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Tuesday, October 28, 2014

Now Tell Us How You Really Feel

From a Q&A about "The Bell Curve" on its 20th anniversary with author Charles Murray:
Reflecting on the legacy of “The Bell Curve,” what stands out to you? 
...The reaction to “The Bell Curve” exposed a profound corruption of the social sciences that has prevailed since the 1960s. “The Bell Curve” is a relentlessly moderate book — both in its use of evidence and in its tone — and yet it was excoriated in remarkably personal and vicious ways, sometimes by eminent academicians who knew very well they were lying. Why? Because the social sciences have been in the grip of a political orthodoxy that has had only the most tenuous connection with empirical reality, and too many social scientists think that threats to the orthodoxy should be suppressed by any means necessary. Corruption is the only word for it. 
Now that I’ve said that, I’m also thinking of all the other social scientists who have come up to me over the years and told me what a wonderful book “The Bell Curve” is. But they never said it publicly. So corruption is one thing that ails the social sciences. Cowardice is another. [emphasis added]
Well, after all, social science is not rocket science. I found the whole interview interesting.


Howard said...


You were probably swamped when I used that in this comment. It really jumps out at anyone who values intellectual integrity, but it is not surprising.

Bret said...

Oops. You're right, I did miss that, but perhaps it needs its own post?

Clovis e Adri said...

I can only see here an author complaining that people who do not cite him enough are either corrupt or cowards.

It is really about the others or about his ego? Hard to say.

Bret said...


The Bell Curve brouhaha was a bit before your time. It was an extremely polarizing book, or at least the subject is polarizing. I read it about a year after it came out and was stunned that it was nothing like how any of the reviews described it. When I read it, I found that the reviews on all sides completely misrepresented the book and it looked to me then and now as if the reviewers, for the most part, hadn't actually bothered to read the book. They just made stuff up.

The was unfortunately some praise for the book from rather odious channels - unashamed racists and racist media outlets, for example. I won't bother googling for such links, but they're easy enough to find.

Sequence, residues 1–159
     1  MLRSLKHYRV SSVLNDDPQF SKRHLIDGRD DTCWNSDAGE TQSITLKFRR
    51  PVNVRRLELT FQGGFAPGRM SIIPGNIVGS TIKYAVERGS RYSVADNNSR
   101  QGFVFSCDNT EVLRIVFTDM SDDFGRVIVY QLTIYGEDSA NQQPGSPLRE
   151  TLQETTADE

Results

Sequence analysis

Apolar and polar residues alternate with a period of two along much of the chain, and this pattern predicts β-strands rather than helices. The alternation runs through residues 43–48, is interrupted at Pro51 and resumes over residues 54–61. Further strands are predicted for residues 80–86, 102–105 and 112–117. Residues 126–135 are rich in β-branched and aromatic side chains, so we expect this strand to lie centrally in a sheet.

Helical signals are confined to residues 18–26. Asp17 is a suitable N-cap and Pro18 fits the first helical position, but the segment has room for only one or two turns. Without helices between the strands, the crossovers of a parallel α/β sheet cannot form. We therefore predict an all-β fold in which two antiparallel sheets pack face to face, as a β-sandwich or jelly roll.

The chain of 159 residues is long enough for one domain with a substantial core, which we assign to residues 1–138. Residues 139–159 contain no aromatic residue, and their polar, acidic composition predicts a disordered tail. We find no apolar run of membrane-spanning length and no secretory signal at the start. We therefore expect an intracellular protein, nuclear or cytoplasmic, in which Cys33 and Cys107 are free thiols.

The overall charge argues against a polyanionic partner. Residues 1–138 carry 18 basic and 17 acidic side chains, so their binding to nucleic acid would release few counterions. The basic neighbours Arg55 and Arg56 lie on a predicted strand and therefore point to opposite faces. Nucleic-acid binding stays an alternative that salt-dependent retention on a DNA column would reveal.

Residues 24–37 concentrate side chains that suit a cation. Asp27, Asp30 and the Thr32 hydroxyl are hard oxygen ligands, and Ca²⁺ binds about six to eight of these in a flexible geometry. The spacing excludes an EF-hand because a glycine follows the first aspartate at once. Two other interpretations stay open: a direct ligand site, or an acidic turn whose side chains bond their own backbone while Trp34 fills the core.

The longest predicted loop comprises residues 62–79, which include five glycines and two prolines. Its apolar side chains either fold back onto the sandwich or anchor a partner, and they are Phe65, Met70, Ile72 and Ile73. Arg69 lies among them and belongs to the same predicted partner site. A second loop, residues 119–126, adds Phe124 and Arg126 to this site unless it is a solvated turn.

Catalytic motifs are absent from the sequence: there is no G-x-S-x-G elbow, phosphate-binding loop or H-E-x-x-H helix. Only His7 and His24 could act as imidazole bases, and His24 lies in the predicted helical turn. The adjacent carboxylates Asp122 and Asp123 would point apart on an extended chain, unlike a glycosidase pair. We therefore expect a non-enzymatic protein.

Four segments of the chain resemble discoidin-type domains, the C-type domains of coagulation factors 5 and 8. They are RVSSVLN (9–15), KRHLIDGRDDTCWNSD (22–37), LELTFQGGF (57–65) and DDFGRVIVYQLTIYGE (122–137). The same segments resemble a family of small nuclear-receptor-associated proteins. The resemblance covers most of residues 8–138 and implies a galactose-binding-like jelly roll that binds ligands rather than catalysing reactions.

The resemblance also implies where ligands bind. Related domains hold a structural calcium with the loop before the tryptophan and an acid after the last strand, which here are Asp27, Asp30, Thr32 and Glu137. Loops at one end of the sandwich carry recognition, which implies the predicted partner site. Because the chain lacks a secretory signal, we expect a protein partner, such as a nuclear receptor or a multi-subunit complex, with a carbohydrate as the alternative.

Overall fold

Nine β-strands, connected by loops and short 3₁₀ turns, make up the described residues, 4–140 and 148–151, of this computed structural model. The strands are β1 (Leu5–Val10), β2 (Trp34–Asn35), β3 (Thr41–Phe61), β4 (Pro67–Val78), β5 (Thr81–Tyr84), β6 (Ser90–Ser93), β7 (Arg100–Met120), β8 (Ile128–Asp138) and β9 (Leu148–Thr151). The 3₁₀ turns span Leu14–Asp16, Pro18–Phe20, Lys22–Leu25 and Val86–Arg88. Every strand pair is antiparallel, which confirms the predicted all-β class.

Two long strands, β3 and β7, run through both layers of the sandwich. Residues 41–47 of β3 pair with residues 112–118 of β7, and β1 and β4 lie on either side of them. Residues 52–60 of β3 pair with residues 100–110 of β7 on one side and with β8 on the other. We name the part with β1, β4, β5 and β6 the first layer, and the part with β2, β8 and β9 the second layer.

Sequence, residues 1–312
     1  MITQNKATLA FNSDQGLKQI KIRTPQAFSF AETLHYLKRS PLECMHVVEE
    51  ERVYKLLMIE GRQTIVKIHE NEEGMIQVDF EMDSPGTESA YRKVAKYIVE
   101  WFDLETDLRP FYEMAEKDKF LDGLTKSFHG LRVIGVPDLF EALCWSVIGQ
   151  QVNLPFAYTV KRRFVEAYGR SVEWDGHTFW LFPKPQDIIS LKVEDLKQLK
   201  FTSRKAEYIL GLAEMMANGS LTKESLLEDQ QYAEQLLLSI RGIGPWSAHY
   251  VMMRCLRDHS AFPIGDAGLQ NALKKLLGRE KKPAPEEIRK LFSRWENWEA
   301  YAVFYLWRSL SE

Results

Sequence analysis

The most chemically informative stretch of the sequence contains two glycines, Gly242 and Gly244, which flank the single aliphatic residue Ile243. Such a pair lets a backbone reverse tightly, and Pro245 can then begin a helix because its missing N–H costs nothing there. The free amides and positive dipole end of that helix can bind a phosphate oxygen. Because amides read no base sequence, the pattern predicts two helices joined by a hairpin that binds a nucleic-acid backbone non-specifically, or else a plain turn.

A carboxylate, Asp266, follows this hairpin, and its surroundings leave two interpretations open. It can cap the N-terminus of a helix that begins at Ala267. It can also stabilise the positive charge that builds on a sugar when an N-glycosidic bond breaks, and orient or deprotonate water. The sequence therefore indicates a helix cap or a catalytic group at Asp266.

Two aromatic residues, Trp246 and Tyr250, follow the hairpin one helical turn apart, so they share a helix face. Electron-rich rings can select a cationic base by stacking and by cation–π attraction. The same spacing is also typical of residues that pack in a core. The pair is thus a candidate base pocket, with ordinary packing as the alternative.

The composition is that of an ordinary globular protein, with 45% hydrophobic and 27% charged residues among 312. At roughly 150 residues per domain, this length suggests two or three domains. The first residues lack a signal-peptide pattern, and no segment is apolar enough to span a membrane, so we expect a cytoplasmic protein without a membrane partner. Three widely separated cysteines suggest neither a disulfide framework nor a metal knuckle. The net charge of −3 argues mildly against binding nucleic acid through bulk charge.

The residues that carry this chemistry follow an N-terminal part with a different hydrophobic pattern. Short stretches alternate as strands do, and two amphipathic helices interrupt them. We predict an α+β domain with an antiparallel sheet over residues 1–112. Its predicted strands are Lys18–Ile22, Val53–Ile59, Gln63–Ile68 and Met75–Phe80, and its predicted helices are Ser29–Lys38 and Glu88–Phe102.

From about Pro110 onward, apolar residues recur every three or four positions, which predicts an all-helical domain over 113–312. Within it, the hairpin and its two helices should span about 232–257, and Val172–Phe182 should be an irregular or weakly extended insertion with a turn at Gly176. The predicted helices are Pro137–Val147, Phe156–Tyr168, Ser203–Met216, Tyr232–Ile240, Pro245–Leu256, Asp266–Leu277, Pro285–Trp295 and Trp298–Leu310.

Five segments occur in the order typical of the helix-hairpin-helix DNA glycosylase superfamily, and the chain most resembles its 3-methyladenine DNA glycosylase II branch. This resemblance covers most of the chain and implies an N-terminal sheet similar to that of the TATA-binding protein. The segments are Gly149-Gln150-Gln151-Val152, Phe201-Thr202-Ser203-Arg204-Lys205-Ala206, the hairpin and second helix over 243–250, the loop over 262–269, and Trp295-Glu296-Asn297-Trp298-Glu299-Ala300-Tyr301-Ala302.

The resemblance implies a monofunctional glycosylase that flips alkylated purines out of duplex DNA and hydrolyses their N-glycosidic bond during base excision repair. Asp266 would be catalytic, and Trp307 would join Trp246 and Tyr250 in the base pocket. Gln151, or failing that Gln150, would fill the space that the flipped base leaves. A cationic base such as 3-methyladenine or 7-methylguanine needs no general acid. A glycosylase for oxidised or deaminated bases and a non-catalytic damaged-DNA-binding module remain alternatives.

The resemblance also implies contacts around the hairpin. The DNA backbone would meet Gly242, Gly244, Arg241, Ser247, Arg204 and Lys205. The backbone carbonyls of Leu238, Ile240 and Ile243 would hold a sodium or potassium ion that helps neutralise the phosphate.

On the other side, the condemnation of Herrnstein and Murray was relentless. A couple representative examples of the sort of stuff I saw in various reviews:

"a scabrous piece of racial pornography masquerading as serious scholarship...a genteel way of calling somebody a nigger" [Bob Herbert, NY Times, 27-Oct-1994]

"intellectual brown shirts...a vile, disingenuously vicious book by two truly odious men" [Adolph Reed, Progressive Magazine, 1994]

So between the extraordinarily negative attacks on the authors and positive reviews from folks whose views I definitely don't share, I expected a really horrible and nasty book.

But that wasn't what I found at all. It was kinda boring actually. The vast majority of the book focused strictly on whites and the correlation of their "IQs" (as measured by various tests, some of which really aren't IQ tests) and various other factors (crime, education, etc.). They probably should've stopped there, though they wouldn't've sold nearly as many books (and selling a lot of books was almost certainly a goal, in my opinion).

The last chapters do then discuss the range of IQs across races and discuss policies that might address the stratification of IQs that they observed. These were no doubt the chapters that inflamed passion, but no review I saw correctly characterized the statements in these, or any other, chapters.

All of the activity I've described in this comment is that of the media. But it is the corruption and cowardice of academia that enabled it to get as out-of-control as it did.

And I think that's a bad thing.

Peter said...

I had the same experience as Bret. I bought it expecting gripping controversy, but could hardly keep awake, even when I jumped ahead to the juicy parts. Reading sociology is a little like what I imagine experiencing a stroke is like. First the fingers go numb, then the hand, then the arm....

Hey Skipper said...

[coffee spew]

Dammit, Peter, warn me when you are going to do that.

I read the book also, and found it an interesting, if not entertaining read.

Hebert and Reed, among other progressives, should not have a license to use the word "racist". The book reported factual data, and drew conclusions from that data, which itself is no more racist than the boiling point of water.

Progressives become astonishingly hostile when their shibboleths get attacked. Stephen Pinker for both The Blank Slate and Better Angels; Napoleon Chagnon for Noble Savages.

(I've read all three; they are excellent.)